– Flater
    Commented Aug 22, 2023 at 23:10
  • @RafaelEyng: If your API added a completely new thing, and you want to use it, it is inevitable that you must redevelop. However, if the API changes something and you don't want to change your business logic, then all you have to do is rewrite the Infrastructure mapping in a way that the new API maps to your original model. You can't avoid needing to make changes to Infrastructure when your external components go through breaking changes; but you can contain the redevelopment to the Infrastructure project and nowhere else in your codebase - that's the purpose of designing these interfaces.
    – Flater
    Commented Aug 22, 2023 at 23:13
  • Thanks, what you said makes sense. I'm still unsure about my case, with Stripe. While I want to have general payment use cases that can call some PaymentRepository or PaymentProvider (implemented at the adapters layer?) that can abstract Stripe away, I'm not sure what to do with my need of having Stripe-specific webhooks. At some point in the webhook flow I am able to make it webhook fall into the general case the PaymentProvider implements, but before that, I need the webhook to have access to Stripe-specific calls and types. So that leaves me clueless about where to put the webhook (...) Commented Aug 23, 2023 at 0:02
  • 1
    @RafaelEyng: Consider what we're talking about now, and what the actual question that was being asked. This is a generalized question, but you repeatedly push back on provided advice by pointing at reasons related to your specific use case. This does not match. You need to analyze whether a generalized answer is actually applicable to your scenario; which requires a level of deep functional and technical analysis that simply cannot be done over StackExchange's intentionally restrictive Q&A format.
    – Flater
    Commented Aug 24, 2023 at 0:18

The weird thing is, I can't tell the difference between any of your particular Objects, be they DTO, POCO, or Entity.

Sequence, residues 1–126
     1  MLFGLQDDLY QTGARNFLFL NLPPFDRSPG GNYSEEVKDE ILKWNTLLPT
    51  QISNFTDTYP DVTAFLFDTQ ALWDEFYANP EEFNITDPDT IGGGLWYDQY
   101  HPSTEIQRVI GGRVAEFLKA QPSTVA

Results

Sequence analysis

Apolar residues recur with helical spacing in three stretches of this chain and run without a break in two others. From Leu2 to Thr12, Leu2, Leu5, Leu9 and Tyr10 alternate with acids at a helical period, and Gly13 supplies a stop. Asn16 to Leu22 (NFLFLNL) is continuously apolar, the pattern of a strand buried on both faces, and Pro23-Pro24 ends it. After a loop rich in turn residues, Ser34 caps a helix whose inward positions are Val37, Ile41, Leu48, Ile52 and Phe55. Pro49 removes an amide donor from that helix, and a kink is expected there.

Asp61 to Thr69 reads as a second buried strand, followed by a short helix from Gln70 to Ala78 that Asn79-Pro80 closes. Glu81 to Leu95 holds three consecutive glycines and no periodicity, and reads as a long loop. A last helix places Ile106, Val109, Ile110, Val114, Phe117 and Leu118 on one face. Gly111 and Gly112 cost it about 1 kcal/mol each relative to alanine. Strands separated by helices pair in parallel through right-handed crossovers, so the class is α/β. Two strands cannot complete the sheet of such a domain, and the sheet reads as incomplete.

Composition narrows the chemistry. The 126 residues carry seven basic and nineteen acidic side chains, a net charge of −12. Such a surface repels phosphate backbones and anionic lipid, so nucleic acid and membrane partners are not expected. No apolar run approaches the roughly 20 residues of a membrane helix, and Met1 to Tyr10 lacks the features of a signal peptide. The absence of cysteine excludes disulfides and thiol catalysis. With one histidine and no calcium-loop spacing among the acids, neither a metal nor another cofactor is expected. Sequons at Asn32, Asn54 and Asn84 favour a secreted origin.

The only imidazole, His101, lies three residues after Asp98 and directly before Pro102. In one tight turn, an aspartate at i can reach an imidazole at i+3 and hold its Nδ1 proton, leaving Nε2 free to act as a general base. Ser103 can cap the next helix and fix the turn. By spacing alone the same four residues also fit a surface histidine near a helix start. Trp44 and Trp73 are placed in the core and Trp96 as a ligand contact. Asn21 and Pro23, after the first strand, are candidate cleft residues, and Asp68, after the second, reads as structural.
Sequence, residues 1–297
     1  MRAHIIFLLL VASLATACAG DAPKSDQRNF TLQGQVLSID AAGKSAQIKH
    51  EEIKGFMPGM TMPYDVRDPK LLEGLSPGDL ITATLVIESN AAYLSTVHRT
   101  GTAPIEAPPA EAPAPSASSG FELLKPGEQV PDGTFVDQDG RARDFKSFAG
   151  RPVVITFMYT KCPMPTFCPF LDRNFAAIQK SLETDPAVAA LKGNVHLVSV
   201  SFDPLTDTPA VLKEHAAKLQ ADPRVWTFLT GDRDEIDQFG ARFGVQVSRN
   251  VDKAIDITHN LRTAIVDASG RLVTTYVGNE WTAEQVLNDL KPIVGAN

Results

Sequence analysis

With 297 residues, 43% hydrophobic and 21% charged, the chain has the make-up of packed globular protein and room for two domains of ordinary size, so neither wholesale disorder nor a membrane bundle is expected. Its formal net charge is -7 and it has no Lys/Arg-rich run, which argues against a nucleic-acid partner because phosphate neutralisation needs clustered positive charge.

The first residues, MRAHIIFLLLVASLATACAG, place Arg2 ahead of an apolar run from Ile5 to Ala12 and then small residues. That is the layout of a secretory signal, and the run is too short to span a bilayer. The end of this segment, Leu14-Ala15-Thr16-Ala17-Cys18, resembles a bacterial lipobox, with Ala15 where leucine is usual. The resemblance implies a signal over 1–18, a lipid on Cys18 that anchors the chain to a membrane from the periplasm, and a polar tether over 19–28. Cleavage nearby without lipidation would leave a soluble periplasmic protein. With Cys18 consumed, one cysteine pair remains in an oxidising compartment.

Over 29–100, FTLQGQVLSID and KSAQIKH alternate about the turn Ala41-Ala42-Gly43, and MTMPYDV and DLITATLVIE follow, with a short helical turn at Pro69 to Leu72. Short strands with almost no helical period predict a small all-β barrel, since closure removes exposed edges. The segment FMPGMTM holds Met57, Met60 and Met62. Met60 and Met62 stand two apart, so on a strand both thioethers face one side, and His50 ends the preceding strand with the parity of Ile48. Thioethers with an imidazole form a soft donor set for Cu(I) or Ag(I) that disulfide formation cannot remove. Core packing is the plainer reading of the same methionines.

A DTO is a POCO. Its a data structure containing data. It is the reason why you can send them across a network.

An Entity on the other hand is business logic. Business logic isn't a data structure. It may encapsulate data, in which case why is that being serialised to a repository? It may manipulate data, in which case that Data is in another DTO/POCO.

I think its more accurate to say this:

  • You have DTO objects (just plain old data usually a bunch of named strings and scopes) written in terms of your provided interface, and third-party interfaces. Their job is to serve as the marshalling ground for requests and responses over any given IO system: The API, Third Party Services, The Database, UI, etc...
  • You have Domain objects (just Plain old Data usually in higher level data abstractions like dates, lists, users, etc...) written to support your domain. These are tailored to the algorithms and business logic employed by your own system.
  • You have Domain/Entity objects representing the system that consume, manipulate, and generate Data Structures.
  • You have Presenter objects representing the logic needed to translate between DTO and Domain objects.
  • You have Interactor/Use Case objects whose job is to map a request/response on an API from the incoming DTO through Presenters into an orchestration of Entity behaviours, Domain Data and then back out through presenters to a DTO.

You may want to look into Bob Martin's clean architecture lectures.

  • 1
    "An Entity on the other hand is business logic." Predominantly, "entity" is used to refer to a database model. What you're referring to (business logic) is generally called the "domain object". From a purely English perspective, you're not wrong that "entity" is very vague and pretty much literally just means "thing that exists" and could be applied to almost anything, but from a developer-centric perspective, "entity" tends to imply datalayer.
    – Flater
    Commented May 31, 2021 at 9:15
  • At an English level yes it pretty vague, I think though it has a much more defined meaning in software. For example: ECS - Entity Component System. It probably depends on the neck of programming you come from. However I am using it coming from the domain/business logic angle. In this case I think the existence of the term ERM (Entity Relational Mapping) undermines your definition. If the Entity lives in the data layer, why is it being mapped from the data layer? Sounds more like the Entity lives above the data layer. In which case the fact that it can be serialised is irrelevant to the Entity.
    – Kain0_0
    Commented May 31, 2021 at 9:32
  • I think you're msunderstanding ERM: "In software engineering, an ER model is commonly formed to represent things a business needs to remember in order to perform business processes. Consequently, the ER model becomes an abstract data model, that defines a data or information structure which can be implemented in a database, typically a relational database." The entities in question represent the data models for the database (which, ideally, mimic the domain objects, but that is not always feasible).
    – Flater
    Commented May 31, 2021 at 9:54
  • @Flater. Thankyou for pointing that out. Looks like I need to spend some time reading up on this.
    – Kain0_0
    Commented Jun 1, 2021 at 0:04
  • I can't tell the difference between any of your particular Objects - honestly, I felt like that when reading the list of 5 types of objects that follow that statement. Commented Aug 22, 2023 at 19:21